Standing Eagle and a dozen of his warriors galloped their horses to the top of a hill overlooking the valley that contained Highwater below. Wandering Snake trained his spy glass on the smoke signals as they rose into the air.
The tribe’s shaman translated the signals out loud. “Attention…Injuns…”
The Chief slapped his forehead. “Oh spirits give me strength. They’re even racist in code.”
“White men…in heap big trouble…”
“There,” Standing Eagle said. “Right there. That is a vicious stereotype. None of us use the word ‘heap’ to describe anything.”
Screeching Owl, one of the tribe’s younger warriors, rode his steed up to the group and peered at the puffs of smoke rising above the town.
“Sorry I am late,” Owl said. “Wow. That’s a heap many smoke clouds.”
Eagle looked to Snake, who shrugged his shoulders. “Oh fine. So one of us uses the word ‘heap’ in place of ‘many’ or ‘very’ and to the white man that means we all do it. I swear the white man judges every other group based solely on its dumbest member. Owl!”
Owl turned his gaze to the Chief. “Chief?”
“Stop saying ‘heap!’”
Owl nodded. “I’m heap sorr…I’m very sorry.”
Snake continued the translation. “Monsters have…overrun…town. Soon will…take over…country. Please…send help…so we can defeat…leader of monsters.”
“Give me that,” Eagle said as he grabbed Snake’s spy glass and trained it about the town. Wherever he looked, he saw buildings on fire, half-eaten bodies in the streets, and dead men traipsing about.
“What in the…Snake!”
“What’s going on down there?” Eagle asked.
The shaman lit up a stick that was doused with sweet smelling incense, the aroma of which he believed would ward off evil.
“The spirits are angry.”
Eagle kept using the spy glass to take in different views of the carnage until he spotted old man Knox and his boys standing on the back of a flipped over cart, shooting every last bullet they had at a throng of zombies until they were torn apart, severed limbs being tossed everywhere.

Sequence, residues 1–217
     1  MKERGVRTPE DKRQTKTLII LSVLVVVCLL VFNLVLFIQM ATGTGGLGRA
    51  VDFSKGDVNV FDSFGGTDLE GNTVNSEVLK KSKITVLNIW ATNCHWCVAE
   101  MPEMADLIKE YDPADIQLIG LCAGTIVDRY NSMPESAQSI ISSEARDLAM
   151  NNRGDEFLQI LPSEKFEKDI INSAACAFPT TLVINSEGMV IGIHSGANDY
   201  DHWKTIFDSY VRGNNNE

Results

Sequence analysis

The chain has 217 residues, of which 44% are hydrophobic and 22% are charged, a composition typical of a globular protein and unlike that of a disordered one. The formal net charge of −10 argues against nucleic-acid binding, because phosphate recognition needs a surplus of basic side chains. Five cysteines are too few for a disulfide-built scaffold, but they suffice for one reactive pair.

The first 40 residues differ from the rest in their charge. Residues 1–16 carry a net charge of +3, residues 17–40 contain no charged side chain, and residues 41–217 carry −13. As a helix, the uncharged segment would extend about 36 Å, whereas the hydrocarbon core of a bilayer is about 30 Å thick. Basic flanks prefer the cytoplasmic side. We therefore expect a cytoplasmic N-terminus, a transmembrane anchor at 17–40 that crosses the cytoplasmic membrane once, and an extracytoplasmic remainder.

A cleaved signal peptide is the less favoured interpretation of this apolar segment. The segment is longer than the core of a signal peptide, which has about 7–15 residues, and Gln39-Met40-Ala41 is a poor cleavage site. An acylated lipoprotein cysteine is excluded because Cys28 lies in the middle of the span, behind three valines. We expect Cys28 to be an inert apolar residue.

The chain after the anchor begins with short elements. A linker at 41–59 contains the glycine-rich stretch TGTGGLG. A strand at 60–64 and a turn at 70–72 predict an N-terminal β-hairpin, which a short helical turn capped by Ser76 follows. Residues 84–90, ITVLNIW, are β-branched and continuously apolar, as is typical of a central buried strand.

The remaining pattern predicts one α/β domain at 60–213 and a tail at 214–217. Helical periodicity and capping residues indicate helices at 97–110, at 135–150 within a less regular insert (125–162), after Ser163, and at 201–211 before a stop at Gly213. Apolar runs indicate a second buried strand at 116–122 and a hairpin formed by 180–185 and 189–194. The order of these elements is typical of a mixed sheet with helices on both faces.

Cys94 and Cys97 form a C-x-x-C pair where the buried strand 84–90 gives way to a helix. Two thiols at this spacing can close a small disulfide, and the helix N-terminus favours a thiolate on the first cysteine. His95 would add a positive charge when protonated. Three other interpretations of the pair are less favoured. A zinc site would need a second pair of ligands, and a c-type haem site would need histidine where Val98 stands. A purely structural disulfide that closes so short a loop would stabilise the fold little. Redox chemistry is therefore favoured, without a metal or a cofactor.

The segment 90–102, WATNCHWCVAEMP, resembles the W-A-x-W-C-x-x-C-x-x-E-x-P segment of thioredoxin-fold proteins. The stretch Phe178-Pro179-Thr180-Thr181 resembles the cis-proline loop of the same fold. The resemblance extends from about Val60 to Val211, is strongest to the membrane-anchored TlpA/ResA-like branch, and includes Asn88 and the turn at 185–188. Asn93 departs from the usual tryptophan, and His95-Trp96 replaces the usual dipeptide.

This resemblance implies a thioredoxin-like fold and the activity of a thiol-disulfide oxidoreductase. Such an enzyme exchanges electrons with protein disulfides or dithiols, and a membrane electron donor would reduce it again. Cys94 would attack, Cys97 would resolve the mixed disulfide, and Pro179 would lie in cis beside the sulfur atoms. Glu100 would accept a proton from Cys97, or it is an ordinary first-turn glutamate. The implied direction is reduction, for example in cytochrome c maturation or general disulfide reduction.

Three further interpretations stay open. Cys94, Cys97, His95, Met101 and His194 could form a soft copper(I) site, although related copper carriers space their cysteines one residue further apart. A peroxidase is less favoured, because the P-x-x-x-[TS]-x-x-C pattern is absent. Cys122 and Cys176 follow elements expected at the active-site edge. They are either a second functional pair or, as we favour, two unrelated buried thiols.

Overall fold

“The white men need help,” Eagle said as he handed the spy glass back to the shaman.
Like his namesake, Charging Bobcat was lean and wiry. His hair was styled in a mohawk, with tattoos inked along the shorn sides of his head. A feather dangled from his ear.
“Let the white men die, Eagle,” Bobcat said. “This is likely their doing. Some sort of experiment they did to ‘improve’ over Mother Nature’s wishes coming back to bite them…literally.”
“Right,” Eagle said. “Start a fire and send them my response. ‘Dear White Men. So sorry that another group just showed up one day and started taking all of your shit even though you all had clearly been there for awhile. We have no idea what that’s like…”
Snake shook his head.
“What?” Eagle asked. “Too much sarcasm?”
The shaman peered once more at the town through his telescope. “Spirits would say that the evil of others is no excuse for you to commit evil. Those in need must be helped by those who can.”
“Damn it, Snake,” Eagle said.
The Chief turned his attention to his scout, Crafty Fox, who was quickly galloping in from the south side of the mountain, flanked on either side by two more scouts.
There was a look of terror on Fox’s face.
Eagle and his braves followed the scouts to the South side of the mountain. Though they were all battle tested fighters, the warriors’ mouths gaped in awe at the sight that unfolded before their eyes.
Lines of werewolves marched in formation from the West, snapping whips across the backs of the zombies ahead of them, herding them toward Highwater. It was a massive army, thousands in total.
Eagle was calm and resolute in his orders. “All of you. Return to the village. Gather the women, children and the elderly and seek refuge with our friends in the south.”
“And what of you?” Bobcat asked.
“I will do what I always do,” the Chief said. “I will stand.”